WHO: Diesel Fumes Cause Cancer
Diesel exhaust fumes cause cancer, the World Health Organization said Tuesday. The International Agency for Research on Cancer, part of the WHO, elevated diesel exhaust from the "probable carcinogen" to the "known carcinogen" level, a move that could help exhaust be seen as a more serious public health threat. "It's on the same order of magnitude as passive smoking," Kurt Straif, director of the IARC department that evaluates cancer risks, told Time. "This could be another big push for countries to clean up exhaust from diesel engines." One of the biggest concerns? The number of people exposed to diesel exhaust. Affected groups include street pedestrians, ship passengers and crew, railroad workers, truck drivers, mechanics, miners, and people who operate heavy machinery. Diesel is now in the same category as other known hazards like asbestos, alcohol, and ultraviolet radiation.
- What Causes Cancer? 7 Strange Cancer Claims Explained
- Cancer Prevention: Rethink Your Diet as Well as Your Smoking
Why Try Interval Training Workouts? Quick Results
If you're looking to rev up your fitness routine, interval training may be your ticket. You can get more out of that spin class, run workout, or lap swim by alternating short bouts of high-intensity exercise (yes, you have to work hard!) followed by a few minutes or seconds of rest. By doing this, you stress out your cardiovascular system and build up lactic acid in the muscles—which boosts body fuel, strength, and stamina—while then letting yourself recover and prepare for the next tough interval.
The trend toward interval exercise to gain cardiovascular benefits isn't new for seasoned athletes, but the technique is gaining popularity among general fitness buffs looking for big gains in a short amount of time. And for good reason.
Evidence shows that with high-intensity interval training, participants can increase their maximum aerobic capacity—how well their body uses oxygen for energy at their greatest heart rate—higher than those who participate in a continuous exercise program, such as going for more than a 20-minute run, bike, or swim at a steady, moderate pace. The more oxygen your body can convert to energy, the stronger and faster you become. As your body adapts to the stress of interval training, your fitness level improves along with your muscle function.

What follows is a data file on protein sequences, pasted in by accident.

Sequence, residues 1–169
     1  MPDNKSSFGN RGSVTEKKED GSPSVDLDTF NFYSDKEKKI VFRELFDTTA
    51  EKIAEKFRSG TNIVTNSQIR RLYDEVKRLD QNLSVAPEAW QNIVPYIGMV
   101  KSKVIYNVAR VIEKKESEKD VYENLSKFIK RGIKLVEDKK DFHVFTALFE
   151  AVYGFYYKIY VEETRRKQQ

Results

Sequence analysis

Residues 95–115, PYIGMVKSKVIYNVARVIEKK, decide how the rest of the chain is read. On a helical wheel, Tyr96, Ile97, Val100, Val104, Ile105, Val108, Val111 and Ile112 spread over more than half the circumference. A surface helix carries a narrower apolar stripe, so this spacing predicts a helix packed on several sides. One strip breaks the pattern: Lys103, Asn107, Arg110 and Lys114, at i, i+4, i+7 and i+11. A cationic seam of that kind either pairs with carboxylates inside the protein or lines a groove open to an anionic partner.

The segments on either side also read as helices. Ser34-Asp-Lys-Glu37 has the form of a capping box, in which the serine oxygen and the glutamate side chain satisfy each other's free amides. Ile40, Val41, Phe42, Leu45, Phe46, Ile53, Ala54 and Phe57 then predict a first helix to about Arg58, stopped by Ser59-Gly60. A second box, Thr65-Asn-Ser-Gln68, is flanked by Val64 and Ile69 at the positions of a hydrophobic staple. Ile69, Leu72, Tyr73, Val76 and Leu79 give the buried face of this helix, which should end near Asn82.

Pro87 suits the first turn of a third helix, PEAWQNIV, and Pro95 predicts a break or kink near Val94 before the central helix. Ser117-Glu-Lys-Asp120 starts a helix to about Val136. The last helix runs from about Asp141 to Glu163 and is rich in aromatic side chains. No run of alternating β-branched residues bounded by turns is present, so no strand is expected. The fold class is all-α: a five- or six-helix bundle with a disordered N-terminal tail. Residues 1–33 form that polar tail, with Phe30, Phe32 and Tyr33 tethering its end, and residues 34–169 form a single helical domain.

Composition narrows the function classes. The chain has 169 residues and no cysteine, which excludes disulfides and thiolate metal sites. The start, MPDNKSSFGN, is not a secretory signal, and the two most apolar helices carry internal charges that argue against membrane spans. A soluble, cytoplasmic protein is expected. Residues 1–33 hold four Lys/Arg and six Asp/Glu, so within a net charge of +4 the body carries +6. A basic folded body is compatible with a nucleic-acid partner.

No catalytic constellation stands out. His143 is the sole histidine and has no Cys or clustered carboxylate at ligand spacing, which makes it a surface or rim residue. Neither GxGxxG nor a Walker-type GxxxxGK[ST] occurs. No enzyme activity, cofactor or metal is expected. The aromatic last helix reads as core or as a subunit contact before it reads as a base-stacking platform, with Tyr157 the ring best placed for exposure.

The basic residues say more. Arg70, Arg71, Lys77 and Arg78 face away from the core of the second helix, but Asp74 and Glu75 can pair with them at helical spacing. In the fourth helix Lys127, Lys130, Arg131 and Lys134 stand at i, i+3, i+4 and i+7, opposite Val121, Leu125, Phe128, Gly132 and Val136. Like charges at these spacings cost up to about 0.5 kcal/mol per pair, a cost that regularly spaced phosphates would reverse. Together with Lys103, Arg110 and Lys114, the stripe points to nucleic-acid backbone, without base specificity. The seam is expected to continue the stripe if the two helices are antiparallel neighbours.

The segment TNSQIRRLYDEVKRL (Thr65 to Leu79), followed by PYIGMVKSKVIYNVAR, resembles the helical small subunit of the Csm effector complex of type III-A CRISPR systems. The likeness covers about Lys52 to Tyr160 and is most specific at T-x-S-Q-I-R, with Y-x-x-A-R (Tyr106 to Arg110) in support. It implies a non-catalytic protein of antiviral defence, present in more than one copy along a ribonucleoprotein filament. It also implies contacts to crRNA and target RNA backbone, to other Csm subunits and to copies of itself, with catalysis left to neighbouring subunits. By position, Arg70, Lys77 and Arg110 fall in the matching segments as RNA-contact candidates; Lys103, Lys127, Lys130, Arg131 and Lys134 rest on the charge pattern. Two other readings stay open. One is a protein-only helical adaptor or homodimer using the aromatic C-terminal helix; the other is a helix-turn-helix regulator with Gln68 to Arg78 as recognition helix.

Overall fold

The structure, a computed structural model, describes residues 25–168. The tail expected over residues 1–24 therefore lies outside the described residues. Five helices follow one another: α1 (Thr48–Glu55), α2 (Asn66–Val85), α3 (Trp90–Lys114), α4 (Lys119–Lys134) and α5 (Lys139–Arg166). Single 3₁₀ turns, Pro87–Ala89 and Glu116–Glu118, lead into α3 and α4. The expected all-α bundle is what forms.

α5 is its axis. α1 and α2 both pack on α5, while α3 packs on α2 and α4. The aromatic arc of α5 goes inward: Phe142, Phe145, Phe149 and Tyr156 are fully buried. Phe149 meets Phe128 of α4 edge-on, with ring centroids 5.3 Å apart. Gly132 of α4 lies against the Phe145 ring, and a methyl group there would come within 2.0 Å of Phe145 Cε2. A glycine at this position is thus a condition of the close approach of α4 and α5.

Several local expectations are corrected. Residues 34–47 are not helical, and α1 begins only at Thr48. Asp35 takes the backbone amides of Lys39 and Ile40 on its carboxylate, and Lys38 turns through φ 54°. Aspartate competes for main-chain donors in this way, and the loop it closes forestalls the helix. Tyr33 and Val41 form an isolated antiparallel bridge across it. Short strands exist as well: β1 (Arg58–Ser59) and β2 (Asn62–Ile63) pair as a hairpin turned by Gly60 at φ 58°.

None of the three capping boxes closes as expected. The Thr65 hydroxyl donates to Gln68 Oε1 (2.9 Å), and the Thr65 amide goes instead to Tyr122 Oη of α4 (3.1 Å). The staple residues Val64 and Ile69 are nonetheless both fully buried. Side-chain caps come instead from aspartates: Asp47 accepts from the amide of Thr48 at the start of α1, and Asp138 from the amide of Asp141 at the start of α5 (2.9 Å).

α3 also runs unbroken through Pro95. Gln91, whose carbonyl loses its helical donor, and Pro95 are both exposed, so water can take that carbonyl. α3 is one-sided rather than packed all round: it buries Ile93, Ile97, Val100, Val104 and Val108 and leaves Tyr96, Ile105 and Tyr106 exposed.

But before taking your routine up a notch and risking injury, it's crucial to build a base fitness level first, notes Ed Coyle, director of the Human Performance Laboratory at the University of Texas at Austin. For healthy people, this means typically doing 40 minutes of exercise three to four times a week for eight weeks, gradually working up to a higher heart rate level (220 minus your age is the predicted maximum heart rate, beats per minute). [Read more: Why Try Interval Training Workouts? Quick Results]
Bikes for Aspiring Cyclists
Learning to ride a bike is a childhood milestone. And there's good reason to stick with two wheels as we grow up. For one thing, it makes financial sense: With $4-a-gallon gas in some cities, commuting by bike is a cheaper option. Every type of bike is available at different price points, making it affordable for most riders. Prices range from $200 into the thousands, with average costs hovering around $500.
Biking is as good for your body as it is your wallet: In a study published in 2010 in the Archives of Internal Medicine, for example, researchers found that women who biked for as few as five minutes a day gained less weight than those who didn't ride. Other studies suggest that cyclists live about two years longer than non-bikers, and take 15 percent fewer sick days. And overall, research indicates that biking is good for the heart and helps stave off obesity, arthritis, and depression. (Expect to burn about 500 calories per hour, depending on how much you weigh, when moving at a moderate clip.) "The biggest thing is the fun factor," says cycling enthusiast Selene Yeager, author of Ride Your Way Lean: The Ultimate Plan for Burning Fat and Getting Fit on a Bike. "It's one of the closest feelings you can get to flying—it brings back the memory of your youth, it's a beautiful way to see places, and it's a relaxing form of exercise."
Once you decide to ride, the next step is weighing different types of bikes against each other and selecting the best fit. Choices include:
Road bikes. These light-weight bikes have skinny tires and drop handlebars that offer multiple options for hand position. They're ideal for riding long distances on paved or graded surfaces. They're built for speed, too, Yeager says. (Road bikes are used in the Tour de France race, for example.) [Read more: Bikes for Aspiring Cyclists]
Angela Haupt is a health reporter for U.S. News & World Report. You can follow her on Twitter or reach her at email@example.com.